We live in a P2P (People To People) world, yet often times it feels like we live in a T2T (Tech To Tech) world or a D2D (Device To Device) world. Yeah - get my device to text your device and set up a chat instead of a meeting. As we depend more and more on our devices, we slowly forget how to communicate when we finally do get into a meeting. Wow! A meeting? Really? You mean like with real people talking instead of us thumb-typing on our devices?
It is so easy to miscommunicate when we finally get together in a meeting. Here are 6 tips to clearer and stronger communication:
1) Begin with the Objective of the meeting. So easy to do, yet so easy to forget to do! It is so easy to rush into a meeting, and get going. Begin every meeting by stating the objective of the meeting. What do we want to accomplish as a team in this meeting? I have found that beginning the meeting with "We will be successful if…" gets everyone on the same page and focused on the right task at hand. A client recently shared that at the end of a meeting, he said "So, the objective of this meeting really was…" Clearly, it would have been better to begin with that instead of end with that.
2) Be present. Remember to clear your mind and focus on listening. It is very common to have the previous thing that you were working on lingering in your mind. You might be multi-tasking without realizing it, trying to finish up what you were working on and only paying partial attention in the meeting. Mental multi-tasking does not work. Instead of accomplishing both tasks, you might be compromising both tasks. Take a deep breath, clear your mind, focus and be 100% present at the meeting. If you are facilitating the meeting, it would be helpful to remind everyone to take a deep breath and be 100% present at this meeting.
3) Listen instead of respond. If you are trying to figure out what to say or how to respond, there is a good chance that you will mis-hear and not get the true message that the person is trying to communicate. Slow down the pace of the meeting and listen without framing your response. Use statements like "Ok, give me a few seconds to respond" to give yourself some time to think and respond after the last person shared his or her idea.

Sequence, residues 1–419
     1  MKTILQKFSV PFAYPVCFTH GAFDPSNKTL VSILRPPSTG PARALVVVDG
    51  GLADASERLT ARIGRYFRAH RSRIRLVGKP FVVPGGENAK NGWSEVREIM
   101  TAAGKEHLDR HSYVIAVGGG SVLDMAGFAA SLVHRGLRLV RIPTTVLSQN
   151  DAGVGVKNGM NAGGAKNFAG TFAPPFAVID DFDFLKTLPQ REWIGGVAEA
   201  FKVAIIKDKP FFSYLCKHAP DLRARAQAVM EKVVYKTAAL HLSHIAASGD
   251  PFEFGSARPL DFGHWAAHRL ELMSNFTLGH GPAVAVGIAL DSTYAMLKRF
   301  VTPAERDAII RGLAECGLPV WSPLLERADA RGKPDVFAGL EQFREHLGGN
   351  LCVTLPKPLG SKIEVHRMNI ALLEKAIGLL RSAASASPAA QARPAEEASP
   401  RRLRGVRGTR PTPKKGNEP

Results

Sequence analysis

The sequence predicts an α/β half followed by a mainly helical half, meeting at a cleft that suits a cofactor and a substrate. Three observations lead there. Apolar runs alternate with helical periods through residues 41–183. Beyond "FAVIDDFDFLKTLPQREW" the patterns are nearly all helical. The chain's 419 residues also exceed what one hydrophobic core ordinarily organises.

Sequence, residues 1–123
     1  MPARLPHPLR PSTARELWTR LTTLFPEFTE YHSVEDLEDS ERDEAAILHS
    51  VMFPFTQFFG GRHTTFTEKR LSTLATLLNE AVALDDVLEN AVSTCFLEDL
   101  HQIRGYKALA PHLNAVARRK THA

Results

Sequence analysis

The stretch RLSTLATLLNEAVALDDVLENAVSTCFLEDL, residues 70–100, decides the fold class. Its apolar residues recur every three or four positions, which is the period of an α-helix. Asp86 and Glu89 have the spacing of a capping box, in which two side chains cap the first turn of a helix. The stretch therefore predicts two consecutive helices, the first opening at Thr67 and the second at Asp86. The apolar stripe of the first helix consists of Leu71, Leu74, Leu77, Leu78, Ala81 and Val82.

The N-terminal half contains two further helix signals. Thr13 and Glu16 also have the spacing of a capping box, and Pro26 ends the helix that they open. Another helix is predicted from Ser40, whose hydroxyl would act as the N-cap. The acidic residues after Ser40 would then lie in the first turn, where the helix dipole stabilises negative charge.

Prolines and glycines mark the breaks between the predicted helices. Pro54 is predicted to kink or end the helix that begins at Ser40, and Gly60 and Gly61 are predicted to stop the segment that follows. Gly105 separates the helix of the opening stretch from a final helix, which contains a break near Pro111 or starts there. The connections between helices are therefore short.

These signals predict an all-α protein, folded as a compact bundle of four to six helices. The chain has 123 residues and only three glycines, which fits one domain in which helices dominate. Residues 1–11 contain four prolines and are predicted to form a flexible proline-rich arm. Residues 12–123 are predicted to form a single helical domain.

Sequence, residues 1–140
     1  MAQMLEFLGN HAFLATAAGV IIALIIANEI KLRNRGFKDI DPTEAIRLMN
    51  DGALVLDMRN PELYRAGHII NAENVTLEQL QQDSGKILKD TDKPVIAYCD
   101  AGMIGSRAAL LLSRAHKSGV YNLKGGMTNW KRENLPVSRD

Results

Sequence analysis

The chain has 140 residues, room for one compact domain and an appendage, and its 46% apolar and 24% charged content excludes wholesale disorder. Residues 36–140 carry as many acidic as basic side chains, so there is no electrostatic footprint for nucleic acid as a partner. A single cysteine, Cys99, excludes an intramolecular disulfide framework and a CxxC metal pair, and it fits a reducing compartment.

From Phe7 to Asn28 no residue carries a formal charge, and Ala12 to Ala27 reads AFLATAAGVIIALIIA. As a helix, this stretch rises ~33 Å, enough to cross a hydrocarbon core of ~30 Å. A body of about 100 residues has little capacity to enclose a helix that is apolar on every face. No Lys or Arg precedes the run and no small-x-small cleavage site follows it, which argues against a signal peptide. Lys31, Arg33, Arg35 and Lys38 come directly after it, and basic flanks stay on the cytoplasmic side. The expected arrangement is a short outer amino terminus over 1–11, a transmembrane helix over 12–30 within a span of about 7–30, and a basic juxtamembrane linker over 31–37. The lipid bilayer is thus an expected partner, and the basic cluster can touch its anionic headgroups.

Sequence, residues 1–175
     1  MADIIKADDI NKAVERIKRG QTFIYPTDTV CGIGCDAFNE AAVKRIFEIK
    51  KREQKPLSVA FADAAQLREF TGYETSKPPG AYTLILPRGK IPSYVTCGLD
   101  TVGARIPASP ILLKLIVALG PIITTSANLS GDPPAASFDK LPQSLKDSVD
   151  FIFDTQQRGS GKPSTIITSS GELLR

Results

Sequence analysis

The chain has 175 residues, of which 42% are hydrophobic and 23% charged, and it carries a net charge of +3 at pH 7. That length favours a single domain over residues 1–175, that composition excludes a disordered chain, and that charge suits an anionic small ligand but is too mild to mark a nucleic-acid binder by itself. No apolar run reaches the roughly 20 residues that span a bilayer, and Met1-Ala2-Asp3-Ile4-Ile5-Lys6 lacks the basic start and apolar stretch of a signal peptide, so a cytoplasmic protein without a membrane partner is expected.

4) Mirror to confirm what you heard. This technique works especially well especially when discussing difficult topics or emotionally-charged topics. Repeat back what you think you heard to confirm that you understood. The following phrases can help you to confirm what you heard:
"I believe you said…" and repeat what you thought you heard the person say.
"I want to confirm that I understood you well…" and share what you understood.
5) Summarize the meeting outcomes. Summarize the meeting by repeating any decisions made and all action items.
6) Confirm key decisions in writing. If there are key decisions made, confirm your understanding of the decision in writing with an email. At a recent client meeting, a member of the team confirmed his understanding of a decision made with an email. Other team members were upset upon reading that email as they believed the person changed the decision. He calmly shared that he did not change the decision. Rather, he wanted to communicate what he thought he had heard. He noted that "sometimes it seems different when you write it down." Writing it down and confirming the decision allowed this team to resolve a miscommunication before it led to missed execution.